Saturday, July 14, 2018

A Small Taste of Wilderness: Hiking a Bit of the Kelsey National Recreation Trail


Date: April 4, 2018
Place: Kelsey National Recreation Trail, Scott Bar, California
Coordinates: 41.644710, -123.119923
Length: 5 miles
Level: strenuous

Our last night at the Klamath area, after our hikes at Happy Camp's town trail and Seiad Valley's Grinder Creek, was quiet and restful. We woke up to an overcast skies, and I recalled seeing rain in the forecast for the later part of our spring break trip. We broke camp slowly and were on our way to the trail-du-jour which was the kelsey National Recreation Trail.
Our hike as captured by Pappa Quail's GPS
The trailhead was deserted and the general atmosphere there glum. As we got our gear together and looked around a bit a pick-up truck came driven by a couple of cheerful National Forest rangers. We had a short chat with them and they told us about the trail. They also told us that the waterfall that we were hoping to get to about 4 miles up the trail was washed by floods a few years back. Soon after they left and once again we were all alone in the forest. 
At the trailhead
The trail doesn't go right away along the creek but begins with a mildly steep rise along the hillside. The area at the trailhead was dotted with lovely violets.
Moose Horn Violet, Viola lobata
We started ascending, walking briskly along the trail. It was a gray day, and the air was chilly. Soon we were spread thinly along the trail with the elder chika in the lead, followed by Pappa Quail and the younger chika, and me - bringing up the rear.
I was looking down for wildflowers but Pappa Quail was listening for birds. He saw some, too.
Townsend's Solitaire 
The Kelsey Trail used to be a miners trail connecting Scott Bar and Fort Jones, crossing the Marble Mountains Wilderness. In parts four hike it was clear that this trail used to be a wider, and better maintained stock road.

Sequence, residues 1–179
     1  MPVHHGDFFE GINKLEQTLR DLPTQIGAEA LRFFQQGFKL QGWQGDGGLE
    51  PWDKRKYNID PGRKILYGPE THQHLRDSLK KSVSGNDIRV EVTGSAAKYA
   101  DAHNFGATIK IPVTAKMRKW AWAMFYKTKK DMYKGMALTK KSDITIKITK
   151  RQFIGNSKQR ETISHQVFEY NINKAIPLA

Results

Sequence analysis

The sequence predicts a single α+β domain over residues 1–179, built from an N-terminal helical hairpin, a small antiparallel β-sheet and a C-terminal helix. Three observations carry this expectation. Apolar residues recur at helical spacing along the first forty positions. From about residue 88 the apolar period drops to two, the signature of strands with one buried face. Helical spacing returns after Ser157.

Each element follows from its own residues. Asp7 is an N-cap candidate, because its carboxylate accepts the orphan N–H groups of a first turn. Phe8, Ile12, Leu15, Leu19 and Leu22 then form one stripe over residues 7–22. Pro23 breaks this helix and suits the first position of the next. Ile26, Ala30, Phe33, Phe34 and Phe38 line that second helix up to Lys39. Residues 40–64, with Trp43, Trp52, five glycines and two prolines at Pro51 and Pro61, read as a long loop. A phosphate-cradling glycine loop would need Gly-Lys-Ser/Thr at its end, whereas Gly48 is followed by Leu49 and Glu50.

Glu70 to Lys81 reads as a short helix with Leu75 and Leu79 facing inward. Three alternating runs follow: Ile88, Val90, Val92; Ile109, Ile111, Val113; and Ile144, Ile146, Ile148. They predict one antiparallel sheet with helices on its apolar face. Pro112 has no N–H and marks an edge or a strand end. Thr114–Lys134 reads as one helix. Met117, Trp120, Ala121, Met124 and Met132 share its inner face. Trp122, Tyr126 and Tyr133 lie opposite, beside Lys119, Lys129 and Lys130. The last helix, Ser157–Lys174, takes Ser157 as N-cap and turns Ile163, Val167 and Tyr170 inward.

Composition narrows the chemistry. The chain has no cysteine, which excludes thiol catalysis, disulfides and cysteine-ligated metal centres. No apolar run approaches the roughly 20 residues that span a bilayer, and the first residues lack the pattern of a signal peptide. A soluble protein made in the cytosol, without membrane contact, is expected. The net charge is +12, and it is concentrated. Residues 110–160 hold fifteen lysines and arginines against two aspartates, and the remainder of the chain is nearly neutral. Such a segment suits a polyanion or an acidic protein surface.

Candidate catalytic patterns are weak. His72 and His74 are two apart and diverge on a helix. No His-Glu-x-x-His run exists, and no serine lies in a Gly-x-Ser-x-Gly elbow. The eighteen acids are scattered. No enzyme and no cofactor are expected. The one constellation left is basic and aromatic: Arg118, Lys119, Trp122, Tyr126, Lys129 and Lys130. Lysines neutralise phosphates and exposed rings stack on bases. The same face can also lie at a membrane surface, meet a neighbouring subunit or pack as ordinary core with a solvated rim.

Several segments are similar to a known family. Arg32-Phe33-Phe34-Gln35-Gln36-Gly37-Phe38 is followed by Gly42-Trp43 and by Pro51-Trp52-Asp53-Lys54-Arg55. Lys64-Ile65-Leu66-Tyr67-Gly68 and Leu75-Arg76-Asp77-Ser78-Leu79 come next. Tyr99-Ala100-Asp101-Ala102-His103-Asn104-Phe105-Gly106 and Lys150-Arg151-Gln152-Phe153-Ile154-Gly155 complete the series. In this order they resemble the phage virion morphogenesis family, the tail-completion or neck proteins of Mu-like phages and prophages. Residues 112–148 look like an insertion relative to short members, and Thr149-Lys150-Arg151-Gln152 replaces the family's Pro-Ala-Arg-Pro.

Kelsey Trail 
The trail turned and stretched close along the creek, but high above it. Looking down I could see the creek, swollen with snow-melt water, gashing through a narrow gorge.

While the herbaceous wildflowers were still at heir first bloom wave, some shrubs were already done and seeding.

We continued ascending. The trail distanced from the creek somewhat, taking us into the woods. Nearly all the trees were bearing the scars of fire. Many were dead. It was a sad sight.

Every now and then we crossed little brooks that were trickling down to join the Kelsey. We stopped for  a breather near one of them. The chikas started wondering aloud how far will we go so I redirected them to a much better activity - I sent them looking for gold specks in the brook.

After a short snack break we continued on. The trail kept going higher and higher. The grade wasn't steep but the incline was almost continuous. I paused briefly here and there to look at flowers but didn't stoop down for them. The glum grayness must have affected me, too.
Monkeyflowers. Mimulus sp. 
I must admit that it was on this trail that I finally felt in the wild, more so than on any of the trails we've hike on the previous days. Perhaps it was that we were far deeper into the wilderness than before, further away from rte 96 and from human settlements. Perhaps it was the feeling of solitude, or the sound of water rushing below. Either way, we were out there, alone. And the clouds were gathering.
Scars of the forest fire along the Kelsey Creek
The chikas began to linger. Pappa Quail and I debated over when should we turn back. Eventually we agreed to continue forward for about 45 minutes longer before turning around.After that I quickened my pace and moved to the lead.
Mushrooms in the forest
My lead didn't last very long - the elder chika found a green moth on the ground and called me back to take photos. It sure was beautiful!
Clark's Day Sphinx Moth
Most of the way the trail was right at the edge of a cliff or on the side of a steep slope. While for the most it was wide enough to walk comfortably at points it got very narrow. At these segments we had to walk slowly and carefully, occasionally giving a hand to one another to help pass a difficult spot.